The herdshare arrangement is one in which you own part of an animal or herd, along with others who hold shares in that animal or herd. Say, a cow, for example.
As a part owner, you are entitled to part of the outputs of said animal. Including things like its milk. And because it’s technically your cow, you can obtain and use that milk in its raw form.
Which doesn’t mean the cow has to actually live with you. You can hire a farmer to take care of your cow. And milk your cow. And bring your cow’s products to you. It’s all a relatively simple arrangement.
Though this might all sound a bit sneaky, it’s actually not. Racehorses are owned by multiple owners all the time. So are prime bulls. So why not cows?
Why not chickens, for that matter? You could buy 10 broiler day-old chicks and get someone (probably, again, a farmer would be best) to raise them on pasture for you.
When the broilers were fully grown, the farmer could (as a favor to a friend, no need to pay them) even help you slaughter them at a simple on-farm dispatching setup. And then you can take your dressed birds home, pop them in the freezer, and be self sufficient in chicken for months.
After all, they’re your chickens. You can pay the farmer to do the necessary stuff, if you see fit. You bought the chicken, you paid someone to raise them. And at the end of the chicken’s lives, its just a case of friends having a dispatch day. Nothing illegal about that.
But back to sharing cows, and their outputs. There’s currently some questions how raw or not raw those outputs should be, before they get to human’s homes to be used for baths. As I’m sure you’re aware, it is currently illegal to sell raw cows milk for human consumption in all states of Australia.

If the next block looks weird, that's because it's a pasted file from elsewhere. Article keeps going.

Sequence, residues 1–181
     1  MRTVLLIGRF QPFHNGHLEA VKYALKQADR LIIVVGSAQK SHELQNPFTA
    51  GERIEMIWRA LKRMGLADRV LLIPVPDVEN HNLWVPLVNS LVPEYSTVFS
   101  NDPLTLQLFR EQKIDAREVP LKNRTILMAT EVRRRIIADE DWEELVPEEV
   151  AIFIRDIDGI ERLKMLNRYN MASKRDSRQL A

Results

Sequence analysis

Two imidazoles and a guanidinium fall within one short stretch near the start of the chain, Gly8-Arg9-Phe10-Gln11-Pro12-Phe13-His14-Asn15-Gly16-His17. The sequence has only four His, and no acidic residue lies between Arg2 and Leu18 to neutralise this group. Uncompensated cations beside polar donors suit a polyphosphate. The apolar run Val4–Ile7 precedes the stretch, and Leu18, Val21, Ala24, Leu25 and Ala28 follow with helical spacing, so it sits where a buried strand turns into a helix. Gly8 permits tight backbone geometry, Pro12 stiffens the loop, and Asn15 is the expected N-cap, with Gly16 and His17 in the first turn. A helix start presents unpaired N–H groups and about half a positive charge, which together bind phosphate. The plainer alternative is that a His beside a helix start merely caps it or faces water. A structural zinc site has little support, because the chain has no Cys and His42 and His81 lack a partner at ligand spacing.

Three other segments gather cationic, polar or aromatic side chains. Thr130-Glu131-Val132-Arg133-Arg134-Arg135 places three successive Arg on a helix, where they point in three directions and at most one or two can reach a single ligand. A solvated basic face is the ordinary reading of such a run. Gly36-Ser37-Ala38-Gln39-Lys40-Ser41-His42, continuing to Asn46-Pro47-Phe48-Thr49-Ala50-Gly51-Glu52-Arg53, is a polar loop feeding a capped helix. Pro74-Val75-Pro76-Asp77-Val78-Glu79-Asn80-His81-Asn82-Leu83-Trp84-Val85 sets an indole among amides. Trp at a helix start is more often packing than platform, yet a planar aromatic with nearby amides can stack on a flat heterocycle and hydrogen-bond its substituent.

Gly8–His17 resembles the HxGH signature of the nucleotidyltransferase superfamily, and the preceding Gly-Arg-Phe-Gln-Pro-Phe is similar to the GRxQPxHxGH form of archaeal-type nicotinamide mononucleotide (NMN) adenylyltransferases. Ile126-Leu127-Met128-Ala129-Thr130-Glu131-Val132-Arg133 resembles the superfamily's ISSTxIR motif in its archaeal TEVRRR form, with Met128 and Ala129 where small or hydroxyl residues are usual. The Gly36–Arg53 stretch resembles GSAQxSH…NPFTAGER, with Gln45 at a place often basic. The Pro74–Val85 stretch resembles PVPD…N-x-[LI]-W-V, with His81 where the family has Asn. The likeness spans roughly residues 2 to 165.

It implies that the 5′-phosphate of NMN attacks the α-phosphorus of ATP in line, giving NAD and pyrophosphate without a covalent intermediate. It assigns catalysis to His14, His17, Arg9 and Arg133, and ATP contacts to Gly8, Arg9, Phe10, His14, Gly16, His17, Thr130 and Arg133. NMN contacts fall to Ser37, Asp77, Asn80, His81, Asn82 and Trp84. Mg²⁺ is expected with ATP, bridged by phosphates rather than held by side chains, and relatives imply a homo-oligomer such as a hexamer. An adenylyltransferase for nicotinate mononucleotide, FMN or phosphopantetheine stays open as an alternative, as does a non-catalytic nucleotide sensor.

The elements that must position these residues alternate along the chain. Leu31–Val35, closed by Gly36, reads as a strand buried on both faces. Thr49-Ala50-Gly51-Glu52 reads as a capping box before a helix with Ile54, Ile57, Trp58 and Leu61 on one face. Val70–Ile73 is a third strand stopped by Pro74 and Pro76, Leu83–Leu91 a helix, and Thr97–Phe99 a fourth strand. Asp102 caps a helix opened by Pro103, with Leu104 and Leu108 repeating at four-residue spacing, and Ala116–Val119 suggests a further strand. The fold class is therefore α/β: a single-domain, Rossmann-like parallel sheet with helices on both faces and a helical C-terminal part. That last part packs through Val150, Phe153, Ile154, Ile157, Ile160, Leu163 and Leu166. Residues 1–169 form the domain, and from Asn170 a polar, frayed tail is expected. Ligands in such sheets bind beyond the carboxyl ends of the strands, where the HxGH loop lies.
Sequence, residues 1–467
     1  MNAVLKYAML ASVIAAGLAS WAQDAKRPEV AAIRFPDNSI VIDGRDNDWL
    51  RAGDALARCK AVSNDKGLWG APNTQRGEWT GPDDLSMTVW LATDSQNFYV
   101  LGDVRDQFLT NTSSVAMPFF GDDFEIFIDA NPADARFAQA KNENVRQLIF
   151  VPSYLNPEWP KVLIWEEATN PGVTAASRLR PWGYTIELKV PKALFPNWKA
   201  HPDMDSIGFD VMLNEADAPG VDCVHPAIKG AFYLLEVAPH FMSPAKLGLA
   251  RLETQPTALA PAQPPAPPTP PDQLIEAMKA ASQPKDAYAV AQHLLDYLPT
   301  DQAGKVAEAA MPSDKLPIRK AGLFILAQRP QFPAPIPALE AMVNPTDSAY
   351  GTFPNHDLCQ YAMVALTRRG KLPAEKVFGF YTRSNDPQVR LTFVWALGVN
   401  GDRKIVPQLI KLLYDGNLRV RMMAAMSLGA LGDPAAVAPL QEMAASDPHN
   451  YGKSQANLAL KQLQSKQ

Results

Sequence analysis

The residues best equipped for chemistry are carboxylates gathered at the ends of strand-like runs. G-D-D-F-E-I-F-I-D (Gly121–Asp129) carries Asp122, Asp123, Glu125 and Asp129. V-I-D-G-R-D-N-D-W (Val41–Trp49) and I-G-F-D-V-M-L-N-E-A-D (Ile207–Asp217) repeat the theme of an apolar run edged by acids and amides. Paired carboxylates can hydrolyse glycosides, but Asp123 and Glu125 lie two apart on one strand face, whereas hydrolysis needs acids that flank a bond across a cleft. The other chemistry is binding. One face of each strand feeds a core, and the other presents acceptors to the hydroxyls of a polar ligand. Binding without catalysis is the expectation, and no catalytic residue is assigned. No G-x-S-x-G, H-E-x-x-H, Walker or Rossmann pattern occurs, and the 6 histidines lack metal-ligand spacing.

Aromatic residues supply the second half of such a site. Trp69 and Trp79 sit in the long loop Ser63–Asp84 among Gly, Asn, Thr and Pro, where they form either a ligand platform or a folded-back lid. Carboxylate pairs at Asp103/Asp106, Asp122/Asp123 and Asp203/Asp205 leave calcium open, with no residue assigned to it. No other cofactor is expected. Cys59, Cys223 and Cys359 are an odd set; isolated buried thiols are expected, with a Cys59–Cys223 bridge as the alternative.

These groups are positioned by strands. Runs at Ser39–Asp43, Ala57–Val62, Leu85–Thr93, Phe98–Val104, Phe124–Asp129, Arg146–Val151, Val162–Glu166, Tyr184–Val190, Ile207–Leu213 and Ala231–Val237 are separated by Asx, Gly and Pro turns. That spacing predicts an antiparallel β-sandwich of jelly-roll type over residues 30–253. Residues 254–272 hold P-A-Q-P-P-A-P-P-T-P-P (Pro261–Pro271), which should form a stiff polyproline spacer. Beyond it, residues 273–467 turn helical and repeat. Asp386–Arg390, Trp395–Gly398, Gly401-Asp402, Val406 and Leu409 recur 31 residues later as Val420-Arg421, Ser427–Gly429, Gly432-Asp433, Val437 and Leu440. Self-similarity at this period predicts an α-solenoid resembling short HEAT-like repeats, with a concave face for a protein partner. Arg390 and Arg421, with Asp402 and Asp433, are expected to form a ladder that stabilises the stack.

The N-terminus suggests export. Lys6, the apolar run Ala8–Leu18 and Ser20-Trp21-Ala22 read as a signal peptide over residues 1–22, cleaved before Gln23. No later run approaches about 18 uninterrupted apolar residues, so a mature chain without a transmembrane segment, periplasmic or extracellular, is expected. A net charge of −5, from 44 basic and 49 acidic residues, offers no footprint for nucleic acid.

The Raw Milk wars rage all around us, especially in the USA where another round of crackdowns have seen organic raw milk dairies raided. The Raw Milk debate has many branches, but at it’s core, I suspect it’s about scale, and about accountability, and about control.
Sounds like the rest of our food system debates.
Which brings us back to Herdshare models. In a herdshare model, a bunch of people get together and buy a cow, or cows. You hire a farmer to tend and agist your cows, and to milk your cows. And deliver the milk from your cows to you. Ta da! Fresh milk for your family, with no selling of it, as a discrete product, involved.
Considering how much milk our society buys, i find it incredible that there are not more of these setups in Australia. There’s a few around, with websites. Probably many more, without websites. And no doubt many less formal relationships.
In the Mudgee valley where we live, there is no longer an operational dairy in sight, and I couldn’t even tell you where the closest one was. Down in the Sydney basin, most likely. Which means no local cows milk for sale, raw or otherwise. At all. Not even vaguely. Hmm.
On our way to town we drive past a small de-commissioned dairy which stopped milking about 10 years ago, probably due to the deregulation of milk prices that sent so many small and large dairies under. Could a herdshare re-open it, if the price was right for the farmer involved? It’s a thought.
Could I find 80 families locally who were passionate about access to fresh local raw milk from their own cows? You know, I bet you I could. Just saying.
Herdshare could be a viable idea for your local food system toolbox. Maybe you should look into it.
Current herdshare models in Australia
- Ogranic Farmshare – not actually a herdshare per se, but a system built partly by a Aussie herdshare mob who have now moved on to this project
Herdshare resources (mostly US based)
- Herdshare how-to at Realmilk.com
- The Raw Milk Revolution – Behind America’s Emerging Battle Over Food Rights (book)
- Farmer to Consumer fund’s milk resources